Those words are especially resonant given Kolchinsky’s background. Born in the Ukraine, her parents emigrated to the United States when she was 6 to escape anti-Semitism there.

“They came for me. They had great careers back there, great friends,” Kolchinsky said. “They did it for me, so that I could have an education free from being called a Judee, which is the name for Jews. … Even today it’s strongly, strongly anti-Semitic.”

Kolchinsky was extremely close to her great-grandmother, a Holocaust survivor who Kolchinsky visited every Sunday for years before her death three years ago.

“She was just an inspirational person. She developed … delusions, in her old age and she thought that a Nazi had come back to life and was trying to kill her. So the Holocaust continued to haunt her for the rest of her life,” Kolchinsky said.

Her great-grandfather, a Ukrainian soldier, died in the war. Her grandfather survived the Holocaust and was present at the July 28 dinner.

During high school, Kolchinsky taught lessons to seventh-graders at Robert Frost Middle School, including a week-long unit on the Holocaust.

In spite of all that experience with the Holocaust, the week with the survivors left Kolchinsky — an aspiring writer and former editor of the Wootton literary magazine — grasping for words.

For young people, it is easy for the Holocaust to remain purely academic, a subject they hear about in school but have no real access to, said Tom Holcombe, director of the project. The week spent with survivors provides a human face and connection to the stories of the Holocaust for the students — a connection that is critically important as the time nears when no living survivors will remain.

For Kolchinsky, the week hinged on a moment when she was listening to Alice Masters, a Czech-born survivor who escaped her country on one of the last Kindertransport refugee trains to England.

Masters read from a letter she had received from her mother, heartbroken to be separated from her daughter, over the empty seat at the Passover table.

“I hadn’t been able to cry over my great-grandmother in the two years that she’s passed away,” Kolchinsky said. “And when she said that I just realized just how big a part of my life my great-grandmother was and how there is that missing piece. And I let myself cry. And I sang over and over in my head the Russian songs that I used to play for her every Sunday. And I just cried. It made me see just how important every instant of life is, every breath, that we need to take advantage of it, not repress anything.”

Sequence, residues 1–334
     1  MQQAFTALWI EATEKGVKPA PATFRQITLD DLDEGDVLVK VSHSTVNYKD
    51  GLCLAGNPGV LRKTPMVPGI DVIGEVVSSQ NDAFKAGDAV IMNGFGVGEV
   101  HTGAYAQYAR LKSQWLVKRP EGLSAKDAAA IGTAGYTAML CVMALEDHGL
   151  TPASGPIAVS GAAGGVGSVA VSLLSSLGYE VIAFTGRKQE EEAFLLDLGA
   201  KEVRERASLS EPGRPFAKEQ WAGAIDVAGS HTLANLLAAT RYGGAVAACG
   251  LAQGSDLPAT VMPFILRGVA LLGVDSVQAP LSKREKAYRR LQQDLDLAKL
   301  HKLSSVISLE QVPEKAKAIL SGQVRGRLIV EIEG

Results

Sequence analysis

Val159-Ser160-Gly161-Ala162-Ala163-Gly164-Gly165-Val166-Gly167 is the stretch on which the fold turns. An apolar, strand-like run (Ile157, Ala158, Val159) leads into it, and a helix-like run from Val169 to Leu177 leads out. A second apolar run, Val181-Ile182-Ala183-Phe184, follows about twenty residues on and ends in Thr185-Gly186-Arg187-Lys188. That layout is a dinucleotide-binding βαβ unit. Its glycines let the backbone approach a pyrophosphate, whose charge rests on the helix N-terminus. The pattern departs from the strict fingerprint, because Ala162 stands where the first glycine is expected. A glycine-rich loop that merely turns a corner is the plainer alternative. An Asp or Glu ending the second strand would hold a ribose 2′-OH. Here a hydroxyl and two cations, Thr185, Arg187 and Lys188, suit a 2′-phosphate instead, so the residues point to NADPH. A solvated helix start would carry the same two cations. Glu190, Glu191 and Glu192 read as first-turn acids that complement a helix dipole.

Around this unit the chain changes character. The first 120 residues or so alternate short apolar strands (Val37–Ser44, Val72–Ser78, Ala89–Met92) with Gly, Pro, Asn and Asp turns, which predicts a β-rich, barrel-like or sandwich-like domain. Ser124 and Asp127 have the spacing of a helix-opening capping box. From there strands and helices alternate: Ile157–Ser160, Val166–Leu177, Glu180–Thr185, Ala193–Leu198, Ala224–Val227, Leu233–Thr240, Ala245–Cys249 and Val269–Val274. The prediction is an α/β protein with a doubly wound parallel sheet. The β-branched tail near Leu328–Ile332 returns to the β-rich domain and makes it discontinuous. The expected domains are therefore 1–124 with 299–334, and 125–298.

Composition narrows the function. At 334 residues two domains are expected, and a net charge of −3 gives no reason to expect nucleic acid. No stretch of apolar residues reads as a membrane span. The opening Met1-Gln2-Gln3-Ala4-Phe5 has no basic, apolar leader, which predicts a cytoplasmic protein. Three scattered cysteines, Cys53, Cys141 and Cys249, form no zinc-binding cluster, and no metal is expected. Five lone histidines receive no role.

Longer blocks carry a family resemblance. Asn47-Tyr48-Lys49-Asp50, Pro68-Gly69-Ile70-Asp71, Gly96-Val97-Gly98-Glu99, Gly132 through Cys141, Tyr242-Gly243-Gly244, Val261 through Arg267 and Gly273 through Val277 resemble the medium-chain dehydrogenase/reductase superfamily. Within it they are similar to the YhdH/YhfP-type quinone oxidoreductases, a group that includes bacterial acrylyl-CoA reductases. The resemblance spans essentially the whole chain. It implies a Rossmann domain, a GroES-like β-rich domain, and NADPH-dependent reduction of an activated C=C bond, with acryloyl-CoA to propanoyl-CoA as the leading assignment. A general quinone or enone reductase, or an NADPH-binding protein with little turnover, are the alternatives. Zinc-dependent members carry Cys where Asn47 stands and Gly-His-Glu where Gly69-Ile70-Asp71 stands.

IN LIGHT OF experiences like that one — part of a week during which participants say they make lifelong friendships — the awards dinner was perhaps only a celebratory afterthought.

But speaker after speaker at the event reminded the attendees that numerous acts of genocide have taken place since the Holocaust — in Congo and Cambodia and Rwanda — and that one is taking place right now, in the Darfur region of Sudan.

Rabbi Fred Scherlinder Dobb of Adat Shalom Congregation noted that he and 2004 keynote speaker Gen. Wesley Clark had both invoked the genocide in Darfur at the previous year’s event.

“To our grave shame, we have talked much but done little since,” he said.

In his keynote address, Schorr read from the script he wrote and voiced upon visiting Auschwitz in 1959, when the Nazi concentration camp was still little known abroad.

He then excoriated his own generation of journalists for half-hearted coverage of the Holocaust, and for giving more than 50 times as much coverage to Michael Jackson this year than to the death of an estimated 200,000 people in Sudan.

“Please do it better than we did,” Schorr said. “It’s not only a question of the memory of Holocaust but the world and America counts on the young journalists of today to try and see that’s today’s holocausts are noticed and something is done about it.”